Revealing Jack Whitten’s Secret Self

Jack Whitten, who died in 2018, was often known as an summary painter, however figuration continued to lurk round his work. His outstanding experiments come to life in “I Am The Object,” top-of-the-line exhibits within the metropolis proper now however one that’s sadly closing Saturday at Hauser & Wirth in Chelsea. It is value seeing as a result of these works shed new gentle on how the artist’s oeuvre is perhaps thought-about.

Here, Whitten’s landmark 1995 portray, “Memory Sites,” reveals fastidiously woven-in skulls distributed throughout the canvas. The tubelike form in “Totem 2000 VIII: For Janet Carter (A Truly Sweet Lady)” resembles a cross-sectional construction of slave ships. And “Natural Selection” has a transparent human shadow on the forefront of the canvas. Perhaps, past abstraction, Whitten actually needed to seize the essence of Black life, or personhood, which he usually described in his interviews as “soul.”

Born in segregated Bessemer, Ala., in 1939, Whitten met the Rev. Dr. Martin Luther King Jr. in the course of the bus boycott in Montgomery in 1957. King’s teachings on nonviolence bolstered concepts Whitten had grown up with, and by 1960 he had moved to New York to flee the growing racial tensions in Baton Rouge, La., the place he had enrolled in artwork college. Whitten turned the one Black scholar in his class at Cooper Union in Manhattan. Yet New York instantly provided him a world the place all the pieces was doable: He noticed John Coltrane play dwell in Brooklyn, flirted with the feminist author Kate Millet, met fashionable masters like Romare Bearden and Norman Lewis, and on the streets, he regularly bumped into the nice summary expressionist Willem de Kooning who, earlier than giving him recommendation, would say, “Hi kid, how are you doing?”

These influences have been useful at first however he quickly started to really feel trapped. Through the ’60s he couldn’t get out from beneath the gestural model of de Kooning and Lewis, characterised by expressive brush strokes emphasizing the sweep of the painter’s arm or motion of the hand. Whitten’s personal spectacular, tough, painterly swabs in “Martin Luther King’s Garden” from 1968 didn’t set him other than artists he thought-about father figures. It took an innovation, his “slab painting” methodology through which, in a single movement, he dragged a instrument he known as the “developer” alongside the floor of acrylic paint, to assist him escape from “touch,” his time period for painterly gestures in European artwork historical past. He went on to develop strategies primarily based on geometry: “Homage to Malcolm X,” a 1970 painting with dark, concentric, equilateral triangles, heralded what he would eventually invent for shapes, in “My Argiroula: For Argiro Galeraki 1981 — 1995,” a 1995 piece in which metal and glass form concentric circles.

But Whitten’s big break came when he encountered the work of scientists, including Benoit Mandelbrot, on fractal geometry and began to introduce tesserae — small blocks of stone, tile, or glass used in constructing mosaics. “It was inevitable, I’d learned that it was the only way to get to the point,” Whitten said in 2015, describing how the process helped him focus light into his painting. It seems counterintuitive that his deep interest in abstract mathematical concepts of replicable fragments marked the origins of the subtle figuration in his paintings.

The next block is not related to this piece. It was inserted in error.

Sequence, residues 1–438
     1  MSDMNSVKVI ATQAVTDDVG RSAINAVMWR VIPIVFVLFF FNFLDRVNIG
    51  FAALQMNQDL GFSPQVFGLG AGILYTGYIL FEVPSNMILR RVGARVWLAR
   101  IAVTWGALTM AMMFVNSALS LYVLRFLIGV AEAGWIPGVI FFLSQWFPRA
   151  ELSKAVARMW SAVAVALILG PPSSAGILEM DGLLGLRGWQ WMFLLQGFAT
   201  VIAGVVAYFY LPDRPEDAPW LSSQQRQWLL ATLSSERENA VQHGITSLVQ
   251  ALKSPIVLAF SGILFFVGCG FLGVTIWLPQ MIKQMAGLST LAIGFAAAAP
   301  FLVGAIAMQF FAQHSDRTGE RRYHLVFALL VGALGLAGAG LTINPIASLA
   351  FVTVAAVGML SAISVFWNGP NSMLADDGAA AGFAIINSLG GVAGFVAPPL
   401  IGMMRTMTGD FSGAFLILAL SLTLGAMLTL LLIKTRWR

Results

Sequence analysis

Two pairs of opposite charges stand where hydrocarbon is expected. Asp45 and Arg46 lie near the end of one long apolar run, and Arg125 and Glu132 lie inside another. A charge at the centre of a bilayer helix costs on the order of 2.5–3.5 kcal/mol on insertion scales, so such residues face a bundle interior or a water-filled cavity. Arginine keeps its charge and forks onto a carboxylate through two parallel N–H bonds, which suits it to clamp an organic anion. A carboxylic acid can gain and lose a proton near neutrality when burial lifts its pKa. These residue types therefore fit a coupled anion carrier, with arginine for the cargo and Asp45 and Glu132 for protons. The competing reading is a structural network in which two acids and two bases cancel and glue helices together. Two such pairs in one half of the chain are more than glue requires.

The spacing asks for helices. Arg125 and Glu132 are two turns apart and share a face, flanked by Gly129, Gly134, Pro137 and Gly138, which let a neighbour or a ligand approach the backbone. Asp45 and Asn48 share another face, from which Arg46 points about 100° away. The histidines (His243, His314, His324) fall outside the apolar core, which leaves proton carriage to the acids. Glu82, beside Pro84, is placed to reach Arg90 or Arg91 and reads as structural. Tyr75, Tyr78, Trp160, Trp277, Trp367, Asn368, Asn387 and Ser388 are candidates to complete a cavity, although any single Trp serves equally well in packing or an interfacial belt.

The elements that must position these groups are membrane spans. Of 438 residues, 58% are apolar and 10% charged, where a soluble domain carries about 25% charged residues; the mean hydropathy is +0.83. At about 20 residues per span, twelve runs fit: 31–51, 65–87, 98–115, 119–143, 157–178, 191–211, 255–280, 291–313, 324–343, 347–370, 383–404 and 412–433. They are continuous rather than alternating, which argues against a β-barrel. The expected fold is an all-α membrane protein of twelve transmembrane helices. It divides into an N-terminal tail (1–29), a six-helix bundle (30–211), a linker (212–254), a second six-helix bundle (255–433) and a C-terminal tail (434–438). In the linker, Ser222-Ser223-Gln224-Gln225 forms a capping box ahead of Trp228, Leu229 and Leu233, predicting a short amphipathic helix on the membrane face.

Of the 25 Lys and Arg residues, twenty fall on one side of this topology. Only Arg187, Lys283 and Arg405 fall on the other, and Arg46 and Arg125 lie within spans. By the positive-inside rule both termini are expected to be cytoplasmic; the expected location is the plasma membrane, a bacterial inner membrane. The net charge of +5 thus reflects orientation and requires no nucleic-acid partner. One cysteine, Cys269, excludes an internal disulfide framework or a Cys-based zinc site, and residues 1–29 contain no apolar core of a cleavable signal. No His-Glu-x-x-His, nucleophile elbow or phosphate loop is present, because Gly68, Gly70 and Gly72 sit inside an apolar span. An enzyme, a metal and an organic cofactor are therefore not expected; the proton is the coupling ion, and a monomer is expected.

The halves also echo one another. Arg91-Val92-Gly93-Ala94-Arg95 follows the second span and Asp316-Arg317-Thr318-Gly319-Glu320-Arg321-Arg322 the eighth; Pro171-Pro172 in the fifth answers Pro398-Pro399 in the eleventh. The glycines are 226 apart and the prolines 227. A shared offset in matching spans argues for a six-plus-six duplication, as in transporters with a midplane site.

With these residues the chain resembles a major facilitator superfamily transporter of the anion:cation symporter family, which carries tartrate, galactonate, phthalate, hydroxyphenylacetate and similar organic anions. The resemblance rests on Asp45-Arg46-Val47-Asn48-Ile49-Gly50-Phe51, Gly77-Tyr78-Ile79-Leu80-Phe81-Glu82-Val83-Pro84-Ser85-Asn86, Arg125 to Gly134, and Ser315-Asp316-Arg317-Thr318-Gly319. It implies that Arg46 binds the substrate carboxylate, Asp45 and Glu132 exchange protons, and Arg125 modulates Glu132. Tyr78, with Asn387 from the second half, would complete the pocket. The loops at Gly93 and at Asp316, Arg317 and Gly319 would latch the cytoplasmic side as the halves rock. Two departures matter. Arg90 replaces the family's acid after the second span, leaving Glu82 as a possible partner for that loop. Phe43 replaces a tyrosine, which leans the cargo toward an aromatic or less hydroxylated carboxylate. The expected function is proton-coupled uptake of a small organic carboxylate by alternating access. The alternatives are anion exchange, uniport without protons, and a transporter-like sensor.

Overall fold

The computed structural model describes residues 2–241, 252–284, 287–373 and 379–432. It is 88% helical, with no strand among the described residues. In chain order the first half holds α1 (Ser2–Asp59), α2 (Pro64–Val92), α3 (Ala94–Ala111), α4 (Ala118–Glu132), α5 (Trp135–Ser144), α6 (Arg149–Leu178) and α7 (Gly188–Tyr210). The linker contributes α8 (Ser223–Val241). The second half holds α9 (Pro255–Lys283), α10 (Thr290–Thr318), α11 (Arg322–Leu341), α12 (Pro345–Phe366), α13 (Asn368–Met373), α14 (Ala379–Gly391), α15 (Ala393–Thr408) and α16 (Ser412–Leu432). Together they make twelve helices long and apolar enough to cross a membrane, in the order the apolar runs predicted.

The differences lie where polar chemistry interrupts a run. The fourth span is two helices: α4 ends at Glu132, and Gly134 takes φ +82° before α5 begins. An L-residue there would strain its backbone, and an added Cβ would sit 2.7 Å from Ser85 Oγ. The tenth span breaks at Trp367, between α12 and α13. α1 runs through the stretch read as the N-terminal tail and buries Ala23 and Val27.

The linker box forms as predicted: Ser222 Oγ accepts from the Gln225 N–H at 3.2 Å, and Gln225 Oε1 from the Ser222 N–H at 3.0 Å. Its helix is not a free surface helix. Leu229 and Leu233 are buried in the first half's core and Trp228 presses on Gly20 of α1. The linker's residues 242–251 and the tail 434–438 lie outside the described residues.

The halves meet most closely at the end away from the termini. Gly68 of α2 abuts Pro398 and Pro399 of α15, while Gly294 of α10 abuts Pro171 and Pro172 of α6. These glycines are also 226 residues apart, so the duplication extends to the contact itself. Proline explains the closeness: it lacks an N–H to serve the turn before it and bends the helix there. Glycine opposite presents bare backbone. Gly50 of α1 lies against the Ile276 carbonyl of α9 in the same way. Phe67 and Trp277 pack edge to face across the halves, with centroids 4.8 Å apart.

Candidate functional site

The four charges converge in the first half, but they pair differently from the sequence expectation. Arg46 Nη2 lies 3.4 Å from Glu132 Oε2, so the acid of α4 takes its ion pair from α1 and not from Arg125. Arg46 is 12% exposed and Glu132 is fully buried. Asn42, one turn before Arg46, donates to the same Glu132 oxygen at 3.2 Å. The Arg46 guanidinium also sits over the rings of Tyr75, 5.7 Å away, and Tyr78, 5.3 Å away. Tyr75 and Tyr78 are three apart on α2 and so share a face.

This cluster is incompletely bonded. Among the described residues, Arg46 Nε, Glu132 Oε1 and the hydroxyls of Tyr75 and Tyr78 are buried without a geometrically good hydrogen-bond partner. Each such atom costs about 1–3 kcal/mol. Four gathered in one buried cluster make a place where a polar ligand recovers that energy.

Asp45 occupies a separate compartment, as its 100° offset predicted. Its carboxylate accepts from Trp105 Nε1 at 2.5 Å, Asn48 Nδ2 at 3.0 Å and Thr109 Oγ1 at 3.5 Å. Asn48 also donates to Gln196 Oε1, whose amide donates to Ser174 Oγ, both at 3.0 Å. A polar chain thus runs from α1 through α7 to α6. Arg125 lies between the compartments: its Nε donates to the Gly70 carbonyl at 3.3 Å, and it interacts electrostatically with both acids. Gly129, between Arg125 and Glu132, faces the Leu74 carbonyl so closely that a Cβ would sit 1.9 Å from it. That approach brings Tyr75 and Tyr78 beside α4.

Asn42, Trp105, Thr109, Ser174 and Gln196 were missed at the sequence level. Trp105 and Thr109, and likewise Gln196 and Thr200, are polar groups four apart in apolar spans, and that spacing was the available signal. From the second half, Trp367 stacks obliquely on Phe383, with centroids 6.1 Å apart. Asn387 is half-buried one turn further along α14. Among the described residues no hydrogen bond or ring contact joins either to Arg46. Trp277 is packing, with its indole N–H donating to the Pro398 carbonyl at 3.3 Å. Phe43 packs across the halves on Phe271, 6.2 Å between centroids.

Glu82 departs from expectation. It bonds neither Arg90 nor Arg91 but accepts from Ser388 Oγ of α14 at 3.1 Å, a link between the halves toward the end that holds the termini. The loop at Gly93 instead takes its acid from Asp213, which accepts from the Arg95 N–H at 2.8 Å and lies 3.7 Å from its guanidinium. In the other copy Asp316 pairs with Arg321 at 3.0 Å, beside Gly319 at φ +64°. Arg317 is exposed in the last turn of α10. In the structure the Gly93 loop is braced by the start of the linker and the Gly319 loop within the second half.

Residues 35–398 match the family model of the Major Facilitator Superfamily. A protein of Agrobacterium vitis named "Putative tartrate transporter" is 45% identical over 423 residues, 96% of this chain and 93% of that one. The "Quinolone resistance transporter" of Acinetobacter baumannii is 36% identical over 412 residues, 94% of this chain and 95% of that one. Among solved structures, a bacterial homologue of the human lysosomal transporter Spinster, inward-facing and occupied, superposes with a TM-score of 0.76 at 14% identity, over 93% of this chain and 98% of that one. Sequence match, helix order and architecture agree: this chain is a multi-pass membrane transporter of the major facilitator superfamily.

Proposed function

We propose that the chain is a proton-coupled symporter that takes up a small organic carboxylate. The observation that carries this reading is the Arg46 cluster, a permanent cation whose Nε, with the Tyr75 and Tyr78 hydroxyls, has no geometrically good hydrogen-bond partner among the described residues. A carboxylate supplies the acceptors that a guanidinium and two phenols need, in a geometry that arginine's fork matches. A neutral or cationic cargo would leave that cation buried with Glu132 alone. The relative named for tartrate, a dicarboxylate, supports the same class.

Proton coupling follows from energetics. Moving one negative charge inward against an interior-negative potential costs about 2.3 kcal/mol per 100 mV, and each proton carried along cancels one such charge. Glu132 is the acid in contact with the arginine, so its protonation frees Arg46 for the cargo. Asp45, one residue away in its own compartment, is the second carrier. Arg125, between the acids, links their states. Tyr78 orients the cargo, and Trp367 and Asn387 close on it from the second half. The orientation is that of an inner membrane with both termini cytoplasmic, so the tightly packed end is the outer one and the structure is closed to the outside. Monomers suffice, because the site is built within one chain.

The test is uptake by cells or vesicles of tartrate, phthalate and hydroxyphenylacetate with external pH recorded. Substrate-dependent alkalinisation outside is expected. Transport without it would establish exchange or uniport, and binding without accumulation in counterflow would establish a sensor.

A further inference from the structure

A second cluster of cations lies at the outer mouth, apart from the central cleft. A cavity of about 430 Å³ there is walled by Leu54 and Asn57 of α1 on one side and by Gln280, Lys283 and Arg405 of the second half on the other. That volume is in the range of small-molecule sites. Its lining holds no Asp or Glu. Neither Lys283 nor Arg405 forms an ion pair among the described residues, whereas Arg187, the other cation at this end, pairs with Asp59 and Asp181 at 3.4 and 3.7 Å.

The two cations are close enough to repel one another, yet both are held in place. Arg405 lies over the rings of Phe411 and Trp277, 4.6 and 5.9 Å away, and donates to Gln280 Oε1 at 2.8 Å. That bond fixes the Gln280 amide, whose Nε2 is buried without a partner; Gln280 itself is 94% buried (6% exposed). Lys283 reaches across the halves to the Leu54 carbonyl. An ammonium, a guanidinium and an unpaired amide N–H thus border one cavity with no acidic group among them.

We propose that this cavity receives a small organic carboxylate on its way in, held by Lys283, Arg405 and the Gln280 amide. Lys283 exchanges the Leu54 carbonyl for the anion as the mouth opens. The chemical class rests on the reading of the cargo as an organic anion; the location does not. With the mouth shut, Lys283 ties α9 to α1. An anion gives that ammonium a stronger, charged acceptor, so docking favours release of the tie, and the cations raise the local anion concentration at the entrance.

His mosaics also offer a strong metaphor for what seems to be the crux of his life work: trying to make art that connected personal and communal memories.

“In the Black community part of our survival is, we say, we own soul,” he said, explaining how he came to his 1979 “DNA” series of paintings made from the small blocks of acrylic shining like digital grids on a computer screen. “That allowed us get through some heavy-duty oppressive stuff.”

Whitten extended his work of memorialization beyond portraiture to events that affected his community. Possibly his most figurative work, “9-11-01,” from 2006, a giant piece of about 20 by 10 feet, was borne out of his experience during the Sept. 11 terrorist attack on New York City, where he was living at the time. He sets fire to the base of a large black triangle, the edges of the frame colored in the manner of a fading photograph. “It’s built in there,” he said when asked whether artworks could embody memories. “My optimism is that other people see it.”

In Montgomery, Whitten saw early on the influence a single life could have. When he came to New York, he learned that beyond art, what was important was community. If a room were to be filled with Whitten’s art what would be instantly striking is not his innovative abstraction but the Rolodex he managed to create of great individuals and events that changed the course of world history.

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